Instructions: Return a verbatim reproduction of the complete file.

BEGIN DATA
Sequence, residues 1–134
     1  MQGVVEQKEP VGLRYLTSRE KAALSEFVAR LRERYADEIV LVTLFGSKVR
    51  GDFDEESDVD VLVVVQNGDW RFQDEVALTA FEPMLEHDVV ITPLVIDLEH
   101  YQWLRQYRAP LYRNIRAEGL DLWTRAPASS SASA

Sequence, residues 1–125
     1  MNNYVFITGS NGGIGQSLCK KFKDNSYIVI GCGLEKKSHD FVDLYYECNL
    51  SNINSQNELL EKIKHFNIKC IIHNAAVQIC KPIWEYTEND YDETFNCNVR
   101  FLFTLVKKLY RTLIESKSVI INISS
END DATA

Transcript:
Sequence, residues 1–134
     1  MQGVVEQKEP VGLRYLTSRE KAALSEFVAR LRERYADEIV LVTLFGSKVR
    51  GDFDEESDVD VLVVVQNGDW RFQDEVALTA FEPMLEHDVV ITPLVIDLEH
   101  YQWLRQYRAP LYRNIRAEGL DLWTRAPASS SASA

Sequence, residues 1–125
     1  MNNYVFITGS NGGIGQSLCK KFKDNSYIVI GCGLEKKSHD FVDLYYECNL
    51  SNINSQNELL EKIKHFNIKC IIHNAAVQIC KPIWEYTEND YDETFNCNVR
   101  FLFTLVKKLY RTLIESKSVI INISS